Gennadius sentence example
- Jerome's work was continued successively by Gennadius of Marseilles, Isidore of Seville, and Ildefonsus of Toledo; the last-named writer brings the list down to the middle of the 7th century.
- According to Gennadius he carried with him recently discovered relics of the protomartyr Stephen from Palestine to Minorca, where they were efficacious in converting the Jews.
- Vigilantius now settled for some time in Gaul, and is said by one authority (Gennadius) to have afterwards held a charge in the diocese of Barcelona.
- Hence he was already by Gennadius of Marseilles (before 496) confused with Jacob, bishop of Nisibis; and the ancient Armenian version of nineteen of the homilies has been published under this latter name.
- In 1448 he became a monk at Pantokrator and took the name Gennadius.Advertisement
- In 1453, after the capture of Constantinople by the Turks, Mahommed II., finding that the patriarchal chair had been vacant for some time, resolved to elect some one to the office, and the choice fell on Gennadius.
- After a couple of years Gennadius found the position of patriarch under a Turkish sultan so irksome that he retired to the monastery of John the Baptist near Serrae in Macedonia, where he died about 1468.
- The fullest account of his writings is given in Gass, Gennadius and Pletho (Berlin, 1844), the second part of which contains Pletho's Contra Gennadium.
- A list of the known writings of Gennadius is given in Fabricius, Bibliotheca Graeca, ed.
- The head of the Orthodox Church, the metropolitan Gennadius, had for some years past, as head of the philanthropic establishments founded by the princess Brancovan, desired to obtain the entire management of these wealthy foundations, and had made violent attacks on the two administrators, Prince George Bibescu and Prince Stirbei, both members of the Brancovan family.Advertisement
- The only ancient writers who mention him are Gennadius, presbyter of Massilia (end of 5th century), in his De scriptoribus ecclesiasticis, and Pope Gelasius in De libris recipiendis et non recipiendis, in which his works are classed as Apocryphi, probably on account of certain heterodox statements contained in them.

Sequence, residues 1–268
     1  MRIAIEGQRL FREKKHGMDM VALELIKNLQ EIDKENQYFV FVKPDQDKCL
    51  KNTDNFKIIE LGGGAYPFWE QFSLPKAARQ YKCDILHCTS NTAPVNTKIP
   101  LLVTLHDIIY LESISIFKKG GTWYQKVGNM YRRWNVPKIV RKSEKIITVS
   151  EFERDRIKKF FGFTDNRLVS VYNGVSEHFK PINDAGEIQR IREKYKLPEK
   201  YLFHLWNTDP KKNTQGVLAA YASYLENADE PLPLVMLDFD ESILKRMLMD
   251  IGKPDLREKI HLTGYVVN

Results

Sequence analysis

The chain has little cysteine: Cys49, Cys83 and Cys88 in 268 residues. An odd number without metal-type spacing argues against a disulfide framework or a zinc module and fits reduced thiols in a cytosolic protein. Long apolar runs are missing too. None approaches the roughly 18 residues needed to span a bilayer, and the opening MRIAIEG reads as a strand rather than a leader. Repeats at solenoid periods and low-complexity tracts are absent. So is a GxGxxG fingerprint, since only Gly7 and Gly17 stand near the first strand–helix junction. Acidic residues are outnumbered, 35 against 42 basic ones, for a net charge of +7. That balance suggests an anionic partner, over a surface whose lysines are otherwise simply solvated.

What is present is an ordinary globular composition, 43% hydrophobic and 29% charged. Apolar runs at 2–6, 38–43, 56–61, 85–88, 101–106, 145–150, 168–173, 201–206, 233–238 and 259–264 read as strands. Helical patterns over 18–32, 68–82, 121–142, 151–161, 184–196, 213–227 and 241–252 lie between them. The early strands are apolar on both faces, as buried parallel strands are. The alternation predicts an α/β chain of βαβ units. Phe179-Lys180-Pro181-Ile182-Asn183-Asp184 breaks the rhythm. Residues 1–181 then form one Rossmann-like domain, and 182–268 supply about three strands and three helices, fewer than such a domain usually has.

- As thus defined, the collection contains the following documents: firstly, the eighty-five Apostolic Canons, the Constitutions having been put aside as having suffered heretical alterations; secondly, the canons of the councils of Nicaea, Ancyra, Neocaesarea, Gangra, Antioch, Laodicea, Constantinople (381), Ephesus (the disciplinary canons of this council deal with the reception of the Nestorians, and were not communicated to the West), Chalcedon, Sardica, Carthage (that of 4 19, according to Dionysius), Constantinople (394); thirdly, the series of canonical letters of the following great bishops - Dionysius of Alexandria, Peter of Alexandria (the Martyr), Gregory Thaumaturgus, Athanasius, Basil, Gregory of Nyssa, Gregory of Nazianzus, Amphilochus of Iconium, Timotheus of Alexandria, Theophilus of Alexandria, Cyril of Alexandria, Gennadius of Constantinople; the canon of Cyprian of Carthage (the Martyr) is also mentioned, but with the note that it is only valid for Africa.
- He seems to have been still living at Marseilles when Gennadius wrote under the papacy of Gelasius (492-496).
- Gennadius, Hilary and Eucherius may be consulted in Migne, vols.
- For the 3rd, and especially the 4th and following centuries, the writers are much more numerous; for instance, in the East, Origen and his disciples, and later Eusebius of Caesarea, Athanasius, Apollinaris, Basil and the two Gregories, Cyril of Jerusalem, Epiphanius, Chrysostom, Ephraim the Syrian, Cyril of Alexandria, Pseudo-Dionysius; in the West, Novatian, Cyprian, Commodian, Arnobius, Lactantius, Hilary, Ambrose, Rufinus, Jerome, Augustine, Prosper, Leo the Great, Cassian, Vincent of Lerins, Faustus, Gennadius, Ennodius, Avitus, Caesarius, Fulgentius and many others.Advertisement